The puck slid across the ice, bouncing off the boards before being corralled by the stick of Nolan De Jong. As the senior defenseman readied for a shot, Evan Allen found himself in front of the net between De Jong and Minnesota goaltender Eric Schierhorn, looking for a chance at a deflection.
It was a position that the senior forward may have found unfamiliar during his time at Michigan, in more ways than one. Allen could have easily been the one to take the shot — after all, his trademark characteristic as a player has been his shot, powerful and accurate throughout his career. He has had to work to build the rest of his game around that one defining trait, and it certainly hasn’t been easy: for his first three seasons at Michigan — perhaps even earlier this year — Allen wouldn’t even have been on the ice at all during such a high-pressure situation with the game against the fifth-ranked Golden Gophers hanging in the balance.
Yet there he was, just outside the Golden Gophers’ crease in a tie game with just over two minutes left in the third period.
Minnesota defenseman Ryan Collins — all 6-foot-5 and 220 pounds of him — jostled Allen, trying to move him out of position. But Allen stayed in the thick of things, and when De Jong’s shot whistled toward him, he reached his stick out ever so slightly and deflected it past Schierhorn for the game-winning goal.
Allen’s place in that sequence is a testament of his development during his final year in Ann Arbor. Often confined to the bench as a healthy scratch or placed upon the fourth line — known as the ‘checking line’ — Allen spent his days as a bit player.
His role was far from the expectations placed upon him as a recruit. Allen had arrived at Michigan as a member of a ballyhooed class, an early signee alongside players such as JT Compher, Tyler Motte and Michael Downing.
Initially, it appeared he would find success just as quickly as his peers. Allen began his freshman year playing on the same line as Compher and Motte, colloquially known as the ‘NTDP line’ after all three had cut their teeth with the United States National Team Development Program just down the road from Yost.
His play and production, though, lagged behind his two linemates, and he would later be taken off the line. As the years progressed, it seemed that nearly everyone else in the class besides Allen would play larger roles for Michigan. Compher and Motte were excellent collegiate players who formed two-thirds of the most dangerous line in all of college hockey last year before leaving early for the NHL. Forward Alex Kile and De Jong became captains, with Kile developing into an offensive weapon, and Downing — who also left for the NHL last spring — was a key contributor on the blue line.
And through the first half of this year, it appeared Allen’s final season at Michigan would be no different from his first three. He played in just 11 of his teams’ first 18 games and turned in nondescript performances in each of them, tallying only one total point.
Then, the proverbial light turned on. Quite unexpectedly, Allen became one of his team’s most consistent contributors. He has played in every one of the 14 games after the winter break and has collected six goals and five assists in that span, averaging close to a point per game.
“I think his confidence and his maturity (have improved),” said Michigan coach Red Berenson. “His preparedness to be a Division I player was not there when he first got here. And it’s here now, finally. So he’s got to take advantage of it. He’s running out of games.”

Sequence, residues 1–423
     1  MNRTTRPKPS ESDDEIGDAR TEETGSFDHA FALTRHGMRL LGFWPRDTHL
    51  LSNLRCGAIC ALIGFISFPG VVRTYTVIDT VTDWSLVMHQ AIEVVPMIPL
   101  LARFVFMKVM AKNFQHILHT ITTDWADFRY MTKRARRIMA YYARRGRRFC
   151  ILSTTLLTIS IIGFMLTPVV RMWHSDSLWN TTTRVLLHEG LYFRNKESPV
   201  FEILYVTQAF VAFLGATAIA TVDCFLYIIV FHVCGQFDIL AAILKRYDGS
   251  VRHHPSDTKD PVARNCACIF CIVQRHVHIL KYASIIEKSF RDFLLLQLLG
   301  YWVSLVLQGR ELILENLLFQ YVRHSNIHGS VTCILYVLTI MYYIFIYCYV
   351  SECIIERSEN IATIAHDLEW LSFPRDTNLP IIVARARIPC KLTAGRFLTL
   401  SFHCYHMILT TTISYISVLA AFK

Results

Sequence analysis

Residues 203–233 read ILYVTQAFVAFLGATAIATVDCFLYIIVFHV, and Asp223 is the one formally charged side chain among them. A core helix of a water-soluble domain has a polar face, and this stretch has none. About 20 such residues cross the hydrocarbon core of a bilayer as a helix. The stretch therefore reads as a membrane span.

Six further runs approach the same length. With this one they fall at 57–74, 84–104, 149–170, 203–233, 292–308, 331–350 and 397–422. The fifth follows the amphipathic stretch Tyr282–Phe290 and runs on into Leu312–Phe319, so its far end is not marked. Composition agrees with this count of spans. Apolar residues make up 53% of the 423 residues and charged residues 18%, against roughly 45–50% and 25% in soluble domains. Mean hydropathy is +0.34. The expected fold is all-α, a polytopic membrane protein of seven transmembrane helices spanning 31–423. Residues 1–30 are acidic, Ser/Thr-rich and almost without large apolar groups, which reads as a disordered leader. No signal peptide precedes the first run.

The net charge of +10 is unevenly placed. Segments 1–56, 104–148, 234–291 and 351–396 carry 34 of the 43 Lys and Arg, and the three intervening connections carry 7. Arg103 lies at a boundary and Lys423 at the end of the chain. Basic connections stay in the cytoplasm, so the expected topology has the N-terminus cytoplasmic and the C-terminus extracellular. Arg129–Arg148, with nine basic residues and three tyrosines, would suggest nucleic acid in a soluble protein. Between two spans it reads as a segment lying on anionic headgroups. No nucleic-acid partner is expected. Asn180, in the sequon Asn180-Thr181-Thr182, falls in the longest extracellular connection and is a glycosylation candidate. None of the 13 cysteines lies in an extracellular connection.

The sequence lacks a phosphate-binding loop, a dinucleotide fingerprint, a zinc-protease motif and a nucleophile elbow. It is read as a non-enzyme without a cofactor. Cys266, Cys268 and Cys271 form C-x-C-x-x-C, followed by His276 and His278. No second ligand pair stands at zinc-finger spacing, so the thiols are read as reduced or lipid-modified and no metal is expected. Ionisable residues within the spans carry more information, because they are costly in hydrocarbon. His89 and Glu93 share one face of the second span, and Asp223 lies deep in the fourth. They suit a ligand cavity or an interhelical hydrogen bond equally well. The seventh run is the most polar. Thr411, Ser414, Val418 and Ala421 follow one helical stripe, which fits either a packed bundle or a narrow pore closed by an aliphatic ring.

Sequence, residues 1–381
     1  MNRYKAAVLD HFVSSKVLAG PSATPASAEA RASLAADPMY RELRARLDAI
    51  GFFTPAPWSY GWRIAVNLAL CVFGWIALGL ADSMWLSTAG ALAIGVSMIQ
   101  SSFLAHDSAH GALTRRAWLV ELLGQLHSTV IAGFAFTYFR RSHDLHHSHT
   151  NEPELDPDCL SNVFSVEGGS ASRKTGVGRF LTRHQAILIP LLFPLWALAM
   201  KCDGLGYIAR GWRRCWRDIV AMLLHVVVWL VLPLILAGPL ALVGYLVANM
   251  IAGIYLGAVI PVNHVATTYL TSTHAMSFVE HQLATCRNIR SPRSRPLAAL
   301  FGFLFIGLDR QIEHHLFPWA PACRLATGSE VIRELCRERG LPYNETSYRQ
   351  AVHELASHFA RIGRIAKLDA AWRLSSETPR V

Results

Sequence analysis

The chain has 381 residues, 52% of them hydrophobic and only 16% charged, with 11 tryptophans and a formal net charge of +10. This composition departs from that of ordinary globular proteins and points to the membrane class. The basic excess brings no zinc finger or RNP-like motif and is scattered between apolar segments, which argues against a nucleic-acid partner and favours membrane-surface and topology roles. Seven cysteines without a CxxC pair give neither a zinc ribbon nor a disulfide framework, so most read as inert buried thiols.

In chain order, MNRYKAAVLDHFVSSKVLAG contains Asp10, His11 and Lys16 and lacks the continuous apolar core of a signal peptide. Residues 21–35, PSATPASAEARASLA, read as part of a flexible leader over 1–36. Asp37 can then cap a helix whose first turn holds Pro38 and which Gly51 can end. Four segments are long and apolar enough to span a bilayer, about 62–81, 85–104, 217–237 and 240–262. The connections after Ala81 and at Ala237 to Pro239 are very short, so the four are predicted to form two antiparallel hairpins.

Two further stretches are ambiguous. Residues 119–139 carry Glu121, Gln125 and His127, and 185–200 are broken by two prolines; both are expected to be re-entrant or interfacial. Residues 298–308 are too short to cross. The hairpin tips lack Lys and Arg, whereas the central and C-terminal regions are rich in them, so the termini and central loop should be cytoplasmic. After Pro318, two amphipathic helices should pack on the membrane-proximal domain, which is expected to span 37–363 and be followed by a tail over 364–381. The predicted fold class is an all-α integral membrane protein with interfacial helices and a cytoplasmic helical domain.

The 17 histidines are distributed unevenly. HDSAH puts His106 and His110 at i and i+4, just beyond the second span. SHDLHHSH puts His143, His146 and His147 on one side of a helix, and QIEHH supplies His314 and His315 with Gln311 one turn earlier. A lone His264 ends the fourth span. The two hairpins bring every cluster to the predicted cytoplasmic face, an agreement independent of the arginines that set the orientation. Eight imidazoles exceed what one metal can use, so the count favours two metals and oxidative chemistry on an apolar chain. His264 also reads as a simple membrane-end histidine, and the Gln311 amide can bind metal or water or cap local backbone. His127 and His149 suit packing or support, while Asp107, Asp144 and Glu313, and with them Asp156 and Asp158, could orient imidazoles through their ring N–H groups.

Allen no longer plays on the fourth line, either. He has moved up steadily within the lineup, and for Saturday’s game, he was placed on the first line with Kile and senior forward Max Shuart. Allen’s late career renaissance has not come without a learning curve. Pitted against the fifth-ranked Golden Gophers’ top line, Allen struggled on both ends, failing to make a significant impact only one night after scoring the game-winning goal. As Berenson pointed out after the game, Allen has yet to capture the everyday consistency of being a frontline player.
Saturday’s shortcomings aside, Allen’s second half has still played out in a way that very few could have imagined. This has been his first year playing center, and he has had to acclimate himself to everything the position entails, such as playing without the puck, taking faceoffs and minding the defensive zone.
Berenson mentioned that he has seen plenty of players put it all together their final years to have what he deems ‘miracle seasons.’ In Berenson’s mind, Allen has not quite had that type of year. Instead, Berenson has seen glimpses of the player he thought he was getting when he recruited him so long ago.
That, perhaps, is why the situation is so bittersweet for both player and coach. Allen has just three guaranteed games left: a weekend series at Yost next weekend against No. 11 Penn State, and then at least one game in the Big Ten Tournament. There will be no opportunity for him to completely live up to the expectations placed upon him as a recruit, to establish the ‘everyday consistency’ of a frontline player that his coach sought.
Both Berenson and Allen, though, have come to terms with that. After all, the alternative — of Allen’s career ending quietly — would have been much worse.
“I think his whole career has been coming down to these last few weeks,” Berenson said on Feb. 24. “He knows it, and he’s putting his best foot forward. It’s coming together for him. He’s always had good hands. He’s always had a good shot. He’s always been a smart player. And now it’s showing up, and he’s producing. I’m not surprised, but I wish it would’ve happened three years ago. But good for him.”
Added Allen: “… It is kinda disappointing that it took this long, but I mean, it could’ve never have happened, so at least I got the opportunity and just gotta make the most out of it with however many games I have left.”